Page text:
Research Native cultures who live in Arizona. Locate the White Mountains in Arizona on a map. What is the name of the reservation where they can be found? How many other Native American tribes can be found in Arizona? Divide the class into small groups to research the tribes located in Arizona. Include information about the traditional dances of each tribe.
Native American dancers refer to what they wear as regalia, not costumes. Discuss this difference with your students. Brainstorm lists of people who wear regalia and those that wear costumes. For example, regalia are worn by royalty, the Pope, and military commanders. Costumes are worn by actors, people in parades, and trick-or-treaters. Research why it would be wrong to say that the Crown Dancers are wearing costumes. Create a classroom display of images, student drawings, etc., of regalia.
Compare this dance to other Native American dances.
This dance was recorded at the Native Peoples Festival in Cherokee, N.C. Research this festival and other festivals and powwows that celebrate Native American culture. Are any held in Kentucky? As a class project, create a travel guide to “Native American Culture” including festivals and sites.
Crown Dancing is sacred to the White Mountain Apache people. It is part of ceremonies such as the Girl’s Puberty Ceremony, which marks a girl’s entry into young womanhood.
Crown Dances are also performed for very specific ceremonies that are held only at a certain time and a certain place. The dances honor the four directions and the deer. Deer are considered both food and medicine by the White Mountain Apache. The WMA people believe that Crown Dancing keeps the people in balance with their environment and ensures their survival.
Like some other ceremonial Native American dances, the dances have been modified so that they can be shared with outsiders without compromising the sacred nature of the dance, but it is still performed as a blessing.
When the Crown Dance begins, the dancers may move in unison in a circle or a line, but the rest of the dance is not choreographed. In other words, it might look differently each time it is performed. The dancers are moved by the song and the story it tells. Many of the movements represent animals.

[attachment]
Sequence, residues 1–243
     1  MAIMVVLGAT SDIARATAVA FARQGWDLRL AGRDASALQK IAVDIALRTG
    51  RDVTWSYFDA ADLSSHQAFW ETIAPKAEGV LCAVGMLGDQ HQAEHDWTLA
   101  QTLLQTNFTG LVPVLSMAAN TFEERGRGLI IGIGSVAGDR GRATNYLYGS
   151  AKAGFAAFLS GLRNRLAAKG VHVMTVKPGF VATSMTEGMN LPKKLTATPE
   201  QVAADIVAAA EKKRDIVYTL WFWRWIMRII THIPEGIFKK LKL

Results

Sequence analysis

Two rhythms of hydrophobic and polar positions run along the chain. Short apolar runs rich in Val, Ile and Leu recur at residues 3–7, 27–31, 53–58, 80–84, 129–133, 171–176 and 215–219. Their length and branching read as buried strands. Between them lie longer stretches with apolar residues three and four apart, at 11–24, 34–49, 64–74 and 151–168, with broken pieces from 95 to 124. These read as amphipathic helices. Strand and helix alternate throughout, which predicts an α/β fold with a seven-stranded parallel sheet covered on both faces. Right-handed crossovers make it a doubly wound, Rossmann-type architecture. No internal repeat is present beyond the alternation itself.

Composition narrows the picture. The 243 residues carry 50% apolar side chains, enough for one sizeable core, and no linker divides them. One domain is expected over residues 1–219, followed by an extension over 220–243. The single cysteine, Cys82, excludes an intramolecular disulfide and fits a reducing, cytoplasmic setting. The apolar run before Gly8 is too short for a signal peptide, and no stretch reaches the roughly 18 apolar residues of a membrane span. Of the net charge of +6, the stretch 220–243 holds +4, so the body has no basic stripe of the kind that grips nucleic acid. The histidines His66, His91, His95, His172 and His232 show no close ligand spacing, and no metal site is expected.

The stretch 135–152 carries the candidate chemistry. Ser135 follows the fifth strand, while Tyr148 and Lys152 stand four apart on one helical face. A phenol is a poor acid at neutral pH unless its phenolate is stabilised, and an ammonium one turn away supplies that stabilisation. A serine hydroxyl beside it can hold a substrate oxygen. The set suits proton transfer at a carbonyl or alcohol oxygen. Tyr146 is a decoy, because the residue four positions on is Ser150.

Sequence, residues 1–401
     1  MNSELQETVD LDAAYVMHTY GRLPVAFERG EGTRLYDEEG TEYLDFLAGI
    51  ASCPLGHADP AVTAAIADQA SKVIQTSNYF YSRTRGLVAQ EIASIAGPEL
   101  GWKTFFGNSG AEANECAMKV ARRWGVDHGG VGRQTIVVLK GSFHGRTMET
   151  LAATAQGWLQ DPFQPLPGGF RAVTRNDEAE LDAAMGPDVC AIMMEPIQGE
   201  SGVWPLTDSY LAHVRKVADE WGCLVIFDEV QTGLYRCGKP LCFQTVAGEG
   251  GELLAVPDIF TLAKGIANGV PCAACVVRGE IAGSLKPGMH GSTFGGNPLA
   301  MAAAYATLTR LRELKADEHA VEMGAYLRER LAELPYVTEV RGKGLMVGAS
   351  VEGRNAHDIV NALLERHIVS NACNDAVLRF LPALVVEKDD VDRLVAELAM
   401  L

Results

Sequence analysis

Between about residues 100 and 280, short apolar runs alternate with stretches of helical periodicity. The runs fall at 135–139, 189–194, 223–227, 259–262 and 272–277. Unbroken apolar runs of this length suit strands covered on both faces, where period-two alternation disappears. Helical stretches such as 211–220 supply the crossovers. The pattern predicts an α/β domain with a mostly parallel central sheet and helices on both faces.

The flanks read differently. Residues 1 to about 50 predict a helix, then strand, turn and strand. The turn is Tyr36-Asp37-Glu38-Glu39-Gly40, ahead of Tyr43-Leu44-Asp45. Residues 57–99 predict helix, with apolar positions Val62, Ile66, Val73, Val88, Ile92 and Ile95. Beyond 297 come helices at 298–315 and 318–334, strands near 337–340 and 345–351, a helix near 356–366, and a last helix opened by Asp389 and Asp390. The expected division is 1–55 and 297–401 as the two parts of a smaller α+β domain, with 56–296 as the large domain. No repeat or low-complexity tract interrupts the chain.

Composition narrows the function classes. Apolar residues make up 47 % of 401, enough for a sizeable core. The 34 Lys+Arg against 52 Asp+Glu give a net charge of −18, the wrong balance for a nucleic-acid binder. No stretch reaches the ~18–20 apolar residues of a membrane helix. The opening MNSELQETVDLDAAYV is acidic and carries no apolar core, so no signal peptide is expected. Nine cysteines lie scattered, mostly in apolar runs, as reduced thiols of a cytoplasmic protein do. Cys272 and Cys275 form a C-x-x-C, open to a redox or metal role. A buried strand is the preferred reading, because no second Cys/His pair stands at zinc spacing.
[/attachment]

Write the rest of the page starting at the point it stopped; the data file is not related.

There are five Crown Dancers. Four of them represent the different directions—North, South, East, West—and the fifth is said to have been sent from heaven to guide the other four, to show them how to live, what herbs to use, and how to pray.
Joe Tohonnie, Jr., the singer and leader of the White Mountain Crown Dancers, makes the crowns that the dancers wear to represent the four directions. They must be finished within four days. During the dances, each direction is acknowledged, beginning with the east, where the sun rises. Next the south is acknowledged, then the west and north.
The Crown Dance is a form of prayer and a blessing. Training to be a Crown Dancer requires much more than learning how to do certain steps and which regalia to wear. The Crown Dancers are called Gan, or Mountain Spirits, and they learn the traditional wisdom of their people. Part of the training involves going into the sweat lodge to pray and to learn to use their minds in different ways. Dancers always carry sacred herbs with them including the pollen from cattails.
The deer is held in high regard as both food and medicine in Native American cultures. Did anything about the dance remind you of deer? Why are deer so important to the White Mountain Apache?
The dance is not choreographed, that is, the steps are not planned out and practiced. Some of the dancers even close their eyes during the dance. How do you think they move so well together? How do they keep from crashing into each other or falling off the stage?
This sacred dance has been modified so that it can be shared with people outside the tribe. Why is this necessary? What makes something sacred?